Capital losses related to assets held for investment are deductible by taxpayers subject to capital loss limitations. Taxpayers are allowed to deduct capital losses to the extent of capital gains generated in the same period, plus an additional $3,000 deduction against other income. Any excess losses are carried forward indefinitely. Capital losses from the sale of personal use assets are disallowed [IRC section 165(c)].
Under Notice 2014-21, cryptocurrency is considered an investment asset unless held by a dealer. Accordingly, capital losses on cryptocurrency transactions are deductible, subject only to capital loss limitations. The classification of non-dealer NFTs is not as clear-cut. Similar to physical assets such as artwork or other collectibles, NFTs may be considered investment assets or personal use assets. This uncertainty creates the need for additional planning for NFT transactions to ensure that any capital losses generated will not be disallowed.
The treatment of losses under the tax code depends on the taxpayer’s status as either an investor or collector. An art investor, for example, purchases artwork solely for the purpose of making a profit on its future sale, whereas a collector purchases the same artwork for personal use and enjoyment, without regard to whether the artwork will ever become a profitable investment. The burden of proof is on the taxpayer to establish an investment motive. Absent an investment or profit motive, NFT losses will be disallowed under the hobby loss rules (IRC section 183).
To increase the likelihood of securing “investor status,” taxpayers must keep careful records demonstrating that their NFT activities are being conducted in an investment-like manner. (See Treasury Regulations section 1.183-2 for more details.)
Examples of Tax Treatment of Cryptocurrency and NFT Transactions
The following examples illustrate the differences between cryptocurrency and NFT transactions with respect to capital gains and losses. In Examples 1 through 4, assume that Jennifer is a single taxpayer whose marginal federal rate of tax on ordinary income is 32%.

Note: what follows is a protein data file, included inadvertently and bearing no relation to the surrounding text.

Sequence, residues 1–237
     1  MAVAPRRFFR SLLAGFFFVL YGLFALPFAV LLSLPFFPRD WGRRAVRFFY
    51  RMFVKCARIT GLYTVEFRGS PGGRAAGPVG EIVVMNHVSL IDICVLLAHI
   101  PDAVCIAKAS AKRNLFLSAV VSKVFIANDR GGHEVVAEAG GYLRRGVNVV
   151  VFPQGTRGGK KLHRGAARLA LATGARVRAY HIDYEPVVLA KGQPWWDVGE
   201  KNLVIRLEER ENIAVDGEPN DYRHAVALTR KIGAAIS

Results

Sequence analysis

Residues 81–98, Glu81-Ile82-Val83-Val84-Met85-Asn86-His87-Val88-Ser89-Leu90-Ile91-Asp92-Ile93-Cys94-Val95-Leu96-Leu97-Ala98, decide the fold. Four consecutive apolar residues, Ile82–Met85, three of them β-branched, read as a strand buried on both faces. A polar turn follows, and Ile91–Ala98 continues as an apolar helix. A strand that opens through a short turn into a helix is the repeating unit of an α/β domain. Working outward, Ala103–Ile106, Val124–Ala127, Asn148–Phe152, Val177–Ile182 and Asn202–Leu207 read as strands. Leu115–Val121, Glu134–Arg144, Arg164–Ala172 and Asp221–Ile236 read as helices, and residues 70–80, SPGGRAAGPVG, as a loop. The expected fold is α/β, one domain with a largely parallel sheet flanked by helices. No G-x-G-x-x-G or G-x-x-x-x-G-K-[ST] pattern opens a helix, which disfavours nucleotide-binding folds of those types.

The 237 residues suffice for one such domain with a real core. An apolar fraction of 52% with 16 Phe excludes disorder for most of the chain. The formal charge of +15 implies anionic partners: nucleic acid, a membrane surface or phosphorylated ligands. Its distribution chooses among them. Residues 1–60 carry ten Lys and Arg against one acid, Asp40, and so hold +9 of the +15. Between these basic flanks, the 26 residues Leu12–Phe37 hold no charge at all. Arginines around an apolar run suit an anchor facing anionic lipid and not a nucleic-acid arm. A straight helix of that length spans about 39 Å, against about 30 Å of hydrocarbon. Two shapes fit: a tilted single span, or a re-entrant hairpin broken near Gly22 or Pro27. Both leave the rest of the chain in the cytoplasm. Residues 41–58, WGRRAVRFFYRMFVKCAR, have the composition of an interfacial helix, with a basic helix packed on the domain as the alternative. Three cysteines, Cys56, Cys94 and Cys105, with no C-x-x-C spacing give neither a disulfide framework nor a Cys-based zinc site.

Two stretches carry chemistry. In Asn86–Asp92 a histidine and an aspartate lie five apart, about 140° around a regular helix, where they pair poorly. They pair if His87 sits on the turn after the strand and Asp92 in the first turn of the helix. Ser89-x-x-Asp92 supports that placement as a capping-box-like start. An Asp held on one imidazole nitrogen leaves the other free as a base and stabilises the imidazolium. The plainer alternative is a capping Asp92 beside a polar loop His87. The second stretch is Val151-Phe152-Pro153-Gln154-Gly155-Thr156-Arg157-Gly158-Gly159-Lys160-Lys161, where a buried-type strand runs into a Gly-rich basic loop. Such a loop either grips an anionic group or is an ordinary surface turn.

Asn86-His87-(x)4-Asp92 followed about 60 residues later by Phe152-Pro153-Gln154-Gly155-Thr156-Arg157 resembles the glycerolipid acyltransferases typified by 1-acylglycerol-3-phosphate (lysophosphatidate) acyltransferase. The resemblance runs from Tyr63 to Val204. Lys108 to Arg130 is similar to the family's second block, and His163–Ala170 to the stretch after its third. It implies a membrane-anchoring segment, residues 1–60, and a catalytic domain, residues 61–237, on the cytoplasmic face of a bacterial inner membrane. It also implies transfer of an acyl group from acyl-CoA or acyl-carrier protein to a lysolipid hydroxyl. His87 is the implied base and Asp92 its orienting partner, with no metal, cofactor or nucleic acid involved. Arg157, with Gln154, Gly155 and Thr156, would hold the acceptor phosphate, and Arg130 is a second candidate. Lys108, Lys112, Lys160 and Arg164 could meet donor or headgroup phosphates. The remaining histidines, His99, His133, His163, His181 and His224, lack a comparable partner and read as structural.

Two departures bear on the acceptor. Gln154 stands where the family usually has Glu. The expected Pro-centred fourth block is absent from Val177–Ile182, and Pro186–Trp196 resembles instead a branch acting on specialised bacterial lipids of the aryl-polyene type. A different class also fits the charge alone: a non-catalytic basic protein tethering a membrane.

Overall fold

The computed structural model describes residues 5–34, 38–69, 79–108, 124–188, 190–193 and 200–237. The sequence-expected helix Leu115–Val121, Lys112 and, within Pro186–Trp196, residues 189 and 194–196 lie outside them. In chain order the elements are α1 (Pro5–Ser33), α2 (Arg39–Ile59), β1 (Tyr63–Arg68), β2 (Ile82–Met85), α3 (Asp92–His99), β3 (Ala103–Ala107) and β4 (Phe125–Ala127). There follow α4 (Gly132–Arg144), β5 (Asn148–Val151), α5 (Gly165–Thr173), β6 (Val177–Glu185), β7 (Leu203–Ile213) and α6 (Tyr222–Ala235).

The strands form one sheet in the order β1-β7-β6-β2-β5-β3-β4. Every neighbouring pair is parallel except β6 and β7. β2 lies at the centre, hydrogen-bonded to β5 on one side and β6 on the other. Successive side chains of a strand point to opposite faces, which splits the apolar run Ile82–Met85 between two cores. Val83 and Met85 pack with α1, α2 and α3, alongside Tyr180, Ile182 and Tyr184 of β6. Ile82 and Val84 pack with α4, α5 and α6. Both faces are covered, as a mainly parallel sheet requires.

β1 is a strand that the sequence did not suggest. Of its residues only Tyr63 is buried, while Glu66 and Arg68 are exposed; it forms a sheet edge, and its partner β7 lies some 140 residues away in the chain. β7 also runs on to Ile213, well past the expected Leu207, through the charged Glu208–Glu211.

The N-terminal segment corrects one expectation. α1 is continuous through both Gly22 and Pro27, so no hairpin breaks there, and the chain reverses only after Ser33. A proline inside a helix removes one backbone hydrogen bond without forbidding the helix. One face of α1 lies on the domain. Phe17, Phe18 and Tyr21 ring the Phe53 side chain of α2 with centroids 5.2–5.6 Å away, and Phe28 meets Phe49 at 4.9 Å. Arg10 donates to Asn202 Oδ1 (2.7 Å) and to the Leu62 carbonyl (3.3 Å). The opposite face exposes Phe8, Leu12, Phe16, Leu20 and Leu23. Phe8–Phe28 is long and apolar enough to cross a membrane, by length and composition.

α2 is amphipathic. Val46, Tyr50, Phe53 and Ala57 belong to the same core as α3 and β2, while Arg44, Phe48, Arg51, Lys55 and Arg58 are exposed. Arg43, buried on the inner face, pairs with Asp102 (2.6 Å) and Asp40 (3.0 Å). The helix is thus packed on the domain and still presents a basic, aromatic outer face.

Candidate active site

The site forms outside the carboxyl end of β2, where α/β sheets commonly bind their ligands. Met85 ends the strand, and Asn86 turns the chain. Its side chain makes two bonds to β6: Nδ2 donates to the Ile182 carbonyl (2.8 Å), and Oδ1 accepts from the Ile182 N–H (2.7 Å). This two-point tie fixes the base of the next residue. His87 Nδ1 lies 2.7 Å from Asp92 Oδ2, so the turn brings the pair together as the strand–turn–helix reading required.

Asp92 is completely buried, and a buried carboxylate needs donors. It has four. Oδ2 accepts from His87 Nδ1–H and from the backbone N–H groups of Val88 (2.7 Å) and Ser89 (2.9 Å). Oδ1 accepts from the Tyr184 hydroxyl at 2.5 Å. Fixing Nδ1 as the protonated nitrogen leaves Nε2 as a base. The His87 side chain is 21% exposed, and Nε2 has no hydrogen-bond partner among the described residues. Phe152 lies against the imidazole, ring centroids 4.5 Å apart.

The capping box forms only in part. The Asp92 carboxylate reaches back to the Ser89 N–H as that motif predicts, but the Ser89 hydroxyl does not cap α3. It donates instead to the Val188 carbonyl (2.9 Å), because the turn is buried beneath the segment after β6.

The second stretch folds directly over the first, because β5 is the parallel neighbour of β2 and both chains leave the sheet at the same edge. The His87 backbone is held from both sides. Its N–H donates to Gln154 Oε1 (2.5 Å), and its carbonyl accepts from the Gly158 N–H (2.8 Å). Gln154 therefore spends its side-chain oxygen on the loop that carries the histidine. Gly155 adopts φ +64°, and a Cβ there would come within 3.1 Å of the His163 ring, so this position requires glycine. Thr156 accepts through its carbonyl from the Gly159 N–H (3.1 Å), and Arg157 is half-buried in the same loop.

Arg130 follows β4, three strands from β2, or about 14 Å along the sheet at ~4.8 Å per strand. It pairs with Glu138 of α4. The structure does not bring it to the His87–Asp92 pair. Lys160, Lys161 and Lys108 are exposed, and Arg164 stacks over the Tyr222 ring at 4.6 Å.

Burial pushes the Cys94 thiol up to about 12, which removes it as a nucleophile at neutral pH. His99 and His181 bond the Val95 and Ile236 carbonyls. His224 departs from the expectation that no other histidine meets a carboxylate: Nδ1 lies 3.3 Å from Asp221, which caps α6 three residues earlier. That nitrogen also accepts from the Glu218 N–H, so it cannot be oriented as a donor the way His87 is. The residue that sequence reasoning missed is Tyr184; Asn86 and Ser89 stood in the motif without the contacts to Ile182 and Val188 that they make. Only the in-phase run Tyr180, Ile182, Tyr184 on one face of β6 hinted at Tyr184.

Jennifer purchases $10,000 of Bitcoin, which she uses six months later to purchase a digital art NFT priced at $14,000. The transaction results in a $4,000 capital gain. Because Jennifer held the Bitcoin for less than one year, her $4,000 capital gain is considered short-term and will be taxed at her marginal tax rate of 32%. If Jennifer’s holding period on the Bitcoin had been one year or longer, her gain would have been considered a long-term capital gain.
Jennifer purchases $10,000 of Bitcoin which she uses 18 months later to purchase a digital art NFT priced at $6,000, resulting in a $4,000 capital loss. This was Jennifer’s only capital asset transaction. Bitcoin is considered an investment asset. Allowing Jennifer to deduct her capital loss subject to capital loss limitations. Because she does not have any capital gain transactions, Jennifer will only be able to deduct $3,000 of her capital loss this year, and the remaining $1,000 will carry forward to future years.
At six months after purchasing an art NFT for $14,000, Jennifer sells it for $18,000, resulting in a $4,000 capital gain. Because Jennifer held the NFT for less than one year, her $4,000 capital gain is considered short-term and will be taxed at her marginal tax rate of 32%. If Jennifer’s holding period on the NFT had been one year or longer, her gain would have been considered long-term capital gain. However, Jennifer’s $4,000 of capital gain will be subject to a higher 28% rate instead of the 0%, 15%, or 20% if her art NFT is considered a collectible.
At 18 months after purchasing the art NFT for $10,000, Jennifer sells it for $6,000, resulting in a $4,000 capital loss. Unless Jennifer qualifies as an investor, her NFT will be considered a personal use asset and her $4,000 capital loss will be disallowed. If she qualifies as an investor and has no capital gain transactions, Jennifer will be able to deduct $3,000 of her capital loss this year, and the remaining $1,000 loss will carry forward to future years.
Market Fluctuation Issues
The potential risks and rewards of ownership are much greater with NFTs than with fungible tokens such as cryptocurrency. The value of an NFT depends on its desirability in the marketplace, which is affected by many factors, most very difficult to predict in the short term.